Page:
Compare the following examples: The hero and his girlfriend have pulled an all-nighter, hacking alien computers in search of proof of the alien's vile plans for humanity. Exhausted and frustrated, they go to bed. They make love, taking comfort in one another's faith and affection . No problem here, this would be printed without blinking an eye, we've seen it a million times before. But consider this minor variation: The heroine and her girlfriend have pulled an all-nighter, hacking alien computers in search of proof of the alien's vile plans for humanity. Exhausted and frustrated, they go to bed. They make love, taking comfort in one another's faith and affection . Betcha never seen that one in print! And you aren't likely to either. The content is exactly the same as the other piece, but as editors have so often told me, "I don't have any problem with your characters, but bookstores won't stock our magazine if parents complain. Can you send me something else?" I used to oblige them; after all, I was a new writer and I wanted to get published. Now I don't like what I've had to do to get printed in standard genre magazines; most of the thoughtful erotic fantastic literature I've written has been confined to Circlet Press, the only erotic science fiction and fantasy publisher in the world. They started with Telepaths Don't Need Safewords, photocopied and stapled by hand; now there are four thousand perfect-bound trade paperbacks in print. Circlet Press books are found in Barnes & Noble these days, making them a rocketing success story, and moving them from the status of "small" to "independent" press.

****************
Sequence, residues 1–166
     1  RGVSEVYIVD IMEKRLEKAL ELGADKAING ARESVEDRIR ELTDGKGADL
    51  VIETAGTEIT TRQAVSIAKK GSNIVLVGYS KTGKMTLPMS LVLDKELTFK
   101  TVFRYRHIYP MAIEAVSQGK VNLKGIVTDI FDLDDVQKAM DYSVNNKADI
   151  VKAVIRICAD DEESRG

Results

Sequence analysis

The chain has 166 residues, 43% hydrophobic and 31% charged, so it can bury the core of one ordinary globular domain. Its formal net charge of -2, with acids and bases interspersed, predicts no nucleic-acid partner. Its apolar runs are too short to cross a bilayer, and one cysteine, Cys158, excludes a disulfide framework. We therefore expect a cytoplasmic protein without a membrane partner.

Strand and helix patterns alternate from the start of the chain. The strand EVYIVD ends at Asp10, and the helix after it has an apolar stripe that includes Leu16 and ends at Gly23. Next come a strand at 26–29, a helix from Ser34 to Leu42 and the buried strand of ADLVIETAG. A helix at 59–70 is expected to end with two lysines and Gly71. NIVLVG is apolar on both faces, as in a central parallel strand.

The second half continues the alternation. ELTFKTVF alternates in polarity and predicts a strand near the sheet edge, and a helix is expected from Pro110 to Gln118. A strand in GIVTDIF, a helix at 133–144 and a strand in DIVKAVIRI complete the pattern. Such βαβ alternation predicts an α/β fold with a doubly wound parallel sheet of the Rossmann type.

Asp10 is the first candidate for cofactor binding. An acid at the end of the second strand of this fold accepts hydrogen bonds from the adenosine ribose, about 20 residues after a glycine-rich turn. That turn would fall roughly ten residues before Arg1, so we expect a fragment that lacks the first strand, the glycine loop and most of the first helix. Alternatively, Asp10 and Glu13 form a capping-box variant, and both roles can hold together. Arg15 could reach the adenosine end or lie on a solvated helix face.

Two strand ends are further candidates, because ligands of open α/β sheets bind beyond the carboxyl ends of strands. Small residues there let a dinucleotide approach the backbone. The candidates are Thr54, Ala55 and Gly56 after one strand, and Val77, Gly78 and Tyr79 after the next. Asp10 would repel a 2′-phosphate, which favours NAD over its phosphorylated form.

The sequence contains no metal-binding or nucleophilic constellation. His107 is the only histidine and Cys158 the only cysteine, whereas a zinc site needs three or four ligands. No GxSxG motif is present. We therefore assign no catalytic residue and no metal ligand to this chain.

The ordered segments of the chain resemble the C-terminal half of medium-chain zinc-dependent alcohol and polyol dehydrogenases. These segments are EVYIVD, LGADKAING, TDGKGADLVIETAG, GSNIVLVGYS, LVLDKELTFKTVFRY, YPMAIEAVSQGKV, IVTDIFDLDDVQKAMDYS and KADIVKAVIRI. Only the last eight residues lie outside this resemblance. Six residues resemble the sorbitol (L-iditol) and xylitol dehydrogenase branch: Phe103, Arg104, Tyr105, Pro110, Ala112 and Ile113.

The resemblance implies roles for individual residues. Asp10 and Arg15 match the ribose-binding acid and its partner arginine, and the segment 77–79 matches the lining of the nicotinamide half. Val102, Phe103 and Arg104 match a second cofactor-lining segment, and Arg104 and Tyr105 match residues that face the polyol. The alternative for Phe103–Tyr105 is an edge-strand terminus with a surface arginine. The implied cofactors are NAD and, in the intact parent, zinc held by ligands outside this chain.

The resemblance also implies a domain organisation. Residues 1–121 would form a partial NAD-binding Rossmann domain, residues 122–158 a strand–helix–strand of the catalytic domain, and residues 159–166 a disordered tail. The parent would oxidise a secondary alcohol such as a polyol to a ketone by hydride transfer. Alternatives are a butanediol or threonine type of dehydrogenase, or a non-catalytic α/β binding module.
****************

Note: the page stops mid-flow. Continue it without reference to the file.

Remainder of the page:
Clearly, the market wants intelligent, imaginative, erotic sf. Bigger companies are waking up to the potential. The late Stan Levanthal, Editor-in-Chief of Mavety Magazine Group, a major pornography publisher, was working on an anthology of erotic sf when he died. Masquerade Books, another major pornography publisher, has bought two books from me, the erotic Diary of a Vampire, and Man Hungry, a collection of erotic short fiction featuring a multitude of genres, from mainstream to western to science fiction, fantasy, and horror. Traditional publishers who are loathe to publish well-written sexually themed material are surrendering the genre of erotic sf to pornographers who do not share their sensibilities about what makes speculative fiction important.

While I am happy to see work of this kind being published, regardless of who publishes it, I am worried about the continuing division between erotic and non-erotic fiction, and the way this important element of humanity is villainized and ostracized from polite society. Rather than dismissing all erotic literature as trash, one should subject it to the same standards of review and publicity as non-erotic works. What is the author trying to say? Does his choice of technique fulfill his purpose? Does he offer insight and originality? Does the work echo in the mind long after the book has been put down? In other words, is it any good?


The Council for the Literature of the Fantastic is based at the Department of English of the University of Rhode Island. We thank the University and the Department for their support.